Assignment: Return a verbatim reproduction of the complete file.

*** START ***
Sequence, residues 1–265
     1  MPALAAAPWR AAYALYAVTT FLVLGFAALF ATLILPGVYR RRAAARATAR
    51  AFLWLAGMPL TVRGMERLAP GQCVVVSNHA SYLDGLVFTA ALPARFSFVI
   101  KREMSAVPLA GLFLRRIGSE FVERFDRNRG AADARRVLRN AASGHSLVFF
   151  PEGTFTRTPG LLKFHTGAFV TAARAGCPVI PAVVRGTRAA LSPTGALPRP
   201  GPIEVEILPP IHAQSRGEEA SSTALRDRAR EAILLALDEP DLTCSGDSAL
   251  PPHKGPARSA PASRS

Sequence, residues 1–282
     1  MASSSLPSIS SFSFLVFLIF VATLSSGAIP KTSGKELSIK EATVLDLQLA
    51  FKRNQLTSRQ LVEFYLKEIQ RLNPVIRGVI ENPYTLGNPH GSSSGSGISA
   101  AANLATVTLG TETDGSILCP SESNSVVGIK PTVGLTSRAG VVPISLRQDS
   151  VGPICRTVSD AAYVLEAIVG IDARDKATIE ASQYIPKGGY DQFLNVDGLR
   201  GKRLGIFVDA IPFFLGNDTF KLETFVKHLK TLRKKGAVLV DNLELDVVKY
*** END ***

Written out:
Sequence, residues 1–265
     1  MPALAAAPWR AAYALYAVTT FLVLGFAALF ATLILPGVYR RRAAARATAR
    51  AFLWLAGMPL TVRGMERLAP GQCVVVSNHA SYLDGLVFTA ALPARFSFVI
   101  KREMSAVPLA GLFLRRIGSE FVERFDRNRG AADARRVLRN AASGHSLVFF
   151  PEGTFTRTPG LLKFHTGAFV TAARAGCPVI PAVVRGTRAA LSPTGALPRP
   201  GPIEVEILPP IHAQSRGEEA SSTALRDRAR EAILLALDEP DLTCSGDSAL
   251  PPHKGPARSA PASRS

Sequence, residues 1–282
     1  MASSSLPSIS SFSFLVFLIF VATLSSGAIP KTSGKELSIK EATVLDLQLA
    51  FKRNQLTSRQ LVEFYLKEIQ RLNPVIRGVI ENPYTLGNPH GSSSGSGISA
   101  AANLATVTLG TETDGSILCP SESNSVVGIK PTVGLTSRAG VVPISLRQDS
   151  VGPICRTVSD AAYVLEAIVG IDARDKATIE ASQYIPKGGY DQFLNVDGLR
   201  GKRLGIFVDA IPFFLGNDTF KLETFVKHLK TLRKKGAVLV DNLELDVVKY